AI has stepped into the limelight, with recent developments like the rollout of ChatGPT and countless AI art generators (including OpenAI’s other darling, DALL-E) alongside more tenured tools like chatbots and facial recognition software. In fact, there are numerous real-life, everyday uses for AI, some of which have been gaining popularity for years.
But, like the term “Cloud” and “VoIP” before it, AI has different meanings and connotations for everyone. We think it’s important to level-set what AI is before you get excited about tools and technologies that boast an AI component.
The first thing you should know is that there are different types of AI, each with their own strengths, flaws, use cases, and applications. For example, ChatGPT utilizes natural language processing technology– and while it falls under the “artificial intelligence” umbrella, one could argue that ChatGPT is not really an example of intelligence at all, but rather a synthesis of content and information provided to it by its developers. The term “AI” is an umbrella, and possibly a misnomer, with distinctions between our expectations and the realities of its capabilities and processes.
Artificial intelligence vs. machine learning – is there a difference?
Artificial intelligence is defined by Coursera as “computer software that mimics the ways that humans think in order to perform complex tasks, such as analyzing, reasoning, and learning.” The keyword here is “mimics”– while AI can skillfully imitate human cognition, it cannot perform said cognition.
Machine learning is often a function or tool for AI, not a different type of intelligence. Machine learning involves training algorithms to synthesize information to “learn” to perform a task.
Other subsets of AI include:
- Deep learning, the systematic training of a machine to “think” like a human using artificial neural networks.
- NLP (natural language processing), training machines to process and understand language similarly to how humans do.
- AGI (artificial general intelligence), a machine that can process a wide breadth of information, mimicking human brain function.
The latter is likely what most people assume AI actually is– but most artificial intelligence is not AGI. It’s also not deep learning. In fact, ChatGPT is a highly sophisticated NLP tool– but that’s precisely what it is. ChatGPT isn’t writing essays (hopefully… do your own homework, kids!) or providing intelligent insights… it’s chopping, mashing, and reforming responses from pre-existing bodies of text, using a transformer-based neural network incomparable to the nuance of human linguistics.
As AI tools gain popularity, these nuances become increasingly important. By understanding what AI can and can’t do, and how it works and doesn’t work, you can make clear decisions about the technology you are considering acquiring without getting wowed by, what could be, a meaningless marketing term.
1: AI is a great talking point…. But for many, it’s not much more than that.
It’s very en vogue for IT vendors and providers to include a statement about their platforms or services leveraging “AI”. But, they often aren’t transparent about their technology’s current capabilities, what it’s learned, or where it learned these things from. There’s a saying I heard a long time ago, “there’s margin in magic”, so it’s no wonder companies are quick to include AI in their message without too much detail. So… how do you evaluate its value to the product you are buying and the outcome you are trying to achieve?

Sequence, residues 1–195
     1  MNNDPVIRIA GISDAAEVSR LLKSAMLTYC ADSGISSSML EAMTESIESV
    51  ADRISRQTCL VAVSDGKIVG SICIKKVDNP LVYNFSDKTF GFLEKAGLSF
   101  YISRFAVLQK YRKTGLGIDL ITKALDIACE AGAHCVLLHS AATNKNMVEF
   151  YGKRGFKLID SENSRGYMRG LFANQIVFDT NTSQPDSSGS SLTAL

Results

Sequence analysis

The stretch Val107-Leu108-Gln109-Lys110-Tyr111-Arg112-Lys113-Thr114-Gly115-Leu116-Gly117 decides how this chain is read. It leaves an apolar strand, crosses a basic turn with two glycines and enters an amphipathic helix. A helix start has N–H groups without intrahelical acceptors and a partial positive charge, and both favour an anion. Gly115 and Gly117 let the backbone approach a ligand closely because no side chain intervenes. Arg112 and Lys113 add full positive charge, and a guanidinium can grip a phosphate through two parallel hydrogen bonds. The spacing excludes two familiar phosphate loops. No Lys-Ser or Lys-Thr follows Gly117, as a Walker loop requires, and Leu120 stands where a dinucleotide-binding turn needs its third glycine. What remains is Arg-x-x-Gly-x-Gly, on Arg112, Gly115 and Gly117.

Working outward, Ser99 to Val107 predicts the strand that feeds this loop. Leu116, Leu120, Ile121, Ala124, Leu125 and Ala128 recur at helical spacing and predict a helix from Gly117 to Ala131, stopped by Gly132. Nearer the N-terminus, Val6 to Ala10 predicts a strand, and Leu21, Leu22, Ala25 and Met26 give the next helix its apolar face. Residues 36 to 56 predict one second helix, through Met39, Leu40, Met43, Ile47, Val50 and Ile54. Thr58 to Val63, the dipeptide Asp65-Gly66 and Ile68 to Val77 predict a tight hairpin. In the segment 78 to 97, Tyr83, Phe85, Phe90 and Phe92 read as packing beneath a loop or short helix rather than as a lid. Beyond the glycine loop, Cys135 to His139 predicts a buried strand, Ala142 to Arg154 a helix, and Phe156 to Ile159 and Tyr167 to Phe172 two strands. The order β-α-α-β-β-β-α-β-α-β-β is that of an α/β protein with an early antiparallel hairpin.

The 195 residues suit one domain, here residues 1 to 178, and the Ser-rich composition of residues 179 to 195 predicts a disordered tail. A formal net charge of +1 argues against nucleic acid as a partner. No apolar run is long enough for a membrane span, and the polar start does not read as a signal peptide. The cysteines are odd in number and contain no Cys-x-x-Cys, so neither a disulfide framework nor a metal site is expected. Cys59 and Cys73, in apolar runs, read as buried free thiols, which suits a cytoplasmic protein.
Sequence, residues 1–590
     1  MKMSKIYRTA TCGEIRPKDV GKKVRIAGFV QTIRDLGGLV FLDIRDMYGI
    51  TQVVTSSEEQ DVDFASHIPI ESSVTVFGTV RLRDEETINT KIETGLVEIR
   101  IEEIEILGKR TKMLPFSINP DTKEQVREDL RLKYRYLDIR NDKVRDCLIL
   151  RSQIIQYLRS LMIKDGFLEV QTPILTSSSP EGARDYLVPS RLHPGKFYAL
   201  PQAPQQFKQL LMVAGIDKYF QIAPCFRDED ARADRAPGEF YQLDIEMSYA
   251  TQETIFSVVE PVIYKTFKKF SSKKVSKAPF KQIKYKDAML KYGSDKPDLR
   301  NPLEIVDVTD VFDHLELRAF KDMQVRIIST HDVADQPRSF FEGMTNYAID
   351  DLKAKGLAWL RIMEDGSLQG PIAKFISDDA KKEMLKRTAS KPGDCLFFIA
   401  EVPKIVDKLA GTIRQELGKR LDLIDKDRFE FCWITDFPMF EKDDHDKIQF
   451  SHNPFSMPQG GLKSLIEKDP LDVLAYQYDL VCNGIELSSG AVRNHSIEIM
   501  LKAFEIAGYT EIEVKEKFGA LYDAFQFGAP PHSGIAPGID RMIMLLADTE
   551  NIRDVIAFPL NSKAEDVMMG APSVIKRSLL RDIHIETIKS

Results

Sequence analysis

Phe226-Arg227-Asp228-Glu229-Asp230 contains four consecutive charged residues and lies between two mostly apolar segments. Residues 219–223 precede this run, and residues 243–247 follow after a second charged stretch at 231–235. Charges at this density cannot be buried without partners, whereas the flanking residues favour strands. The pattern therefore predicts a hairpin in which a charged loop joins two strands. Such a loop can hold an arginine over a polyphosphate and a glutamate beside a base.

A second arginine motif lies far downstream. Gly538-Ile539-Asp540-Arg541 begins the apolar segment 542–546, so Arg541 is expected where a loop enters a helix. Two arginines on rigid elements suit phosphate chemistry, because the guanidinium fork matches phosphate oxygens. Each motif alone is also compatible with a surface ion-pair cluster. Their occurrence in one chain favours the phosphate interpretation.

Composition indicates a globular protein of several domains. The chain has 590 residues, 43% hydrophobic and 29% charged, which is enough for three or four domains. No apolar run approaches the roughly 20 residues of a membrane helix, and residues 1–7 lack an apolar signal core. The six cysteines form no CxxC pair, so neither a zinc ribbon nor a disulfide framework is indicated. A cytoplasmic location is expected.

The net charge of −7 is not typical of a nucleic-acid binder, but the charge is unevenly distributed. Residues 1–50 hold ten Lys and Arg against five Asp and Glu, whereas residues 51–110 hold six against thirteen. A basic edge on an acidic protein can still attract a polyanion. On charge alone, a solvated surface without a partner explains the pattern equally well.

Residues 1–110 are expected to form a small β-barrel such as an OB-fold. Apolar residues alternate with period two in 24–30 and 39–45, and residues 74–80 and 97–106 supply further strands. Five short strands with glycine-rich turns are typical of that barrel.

The short answer is that you can’t, and most of the companies touting AI as a strength are very much hoping that you won’t. Providers tout how much internet data they see, and scour, as a point of advantage for their AI. But, the internet is a big place, full of misinformation, bias, prejudice, and various opinions… and without understanding how– or even if– AI discerns value, we in turn can’t ascribe a value to what it produces. In fact, ChatGPT specifically has been known to lie as well as display highly offensive prejudice and bias– not to mention, it could really use a math tutor.
Many vendors tout AI solutions as a point of strength– but might they be a weakness? We don’t know for sure, because most people stop short of asking the hard questions, possibly because they’re simply dazzled by the technology itself. And, even if you ask, prepare to be met with a vague answer. Regardless of the promises made by vendors touting AI, transparency is necessary– and when it comes to IT services, it’s in your best interest to demand the full story.
What should you ask? If a provider is pitching AI as a cornerstone value proposition of their service, ask them 1) What kind of AI is it? 2) What is its purpose? 3) How does it work? 4) Why is this solution better with AI than without?
Use this information to help you make a decision about the solution holistically, for example, is this really a value-add over a comparable solution? Or am I paying a premium for this technology, and is it ultimately worth it?
2. AI may “Learn” the wrong lessons
Do you remember when social media platforms started to gain in popularity? The algorithms they used were primitive compared to how they function today. Back then, you followed people or businesses and you would see their content in your stream. The platforms started to simplistically identify your interests based on your activity and would recommend new content or accounts for you to see.
What they evolved into is unrecognizable from the early days. The algorithms now are oriented toward getting you to engage. That’s often driven by content or accounts that you don’t follow, and don’t even like. Because the algorithm has realized that anger, hate, and disagreement trigger engagement more than things that you like or agree with.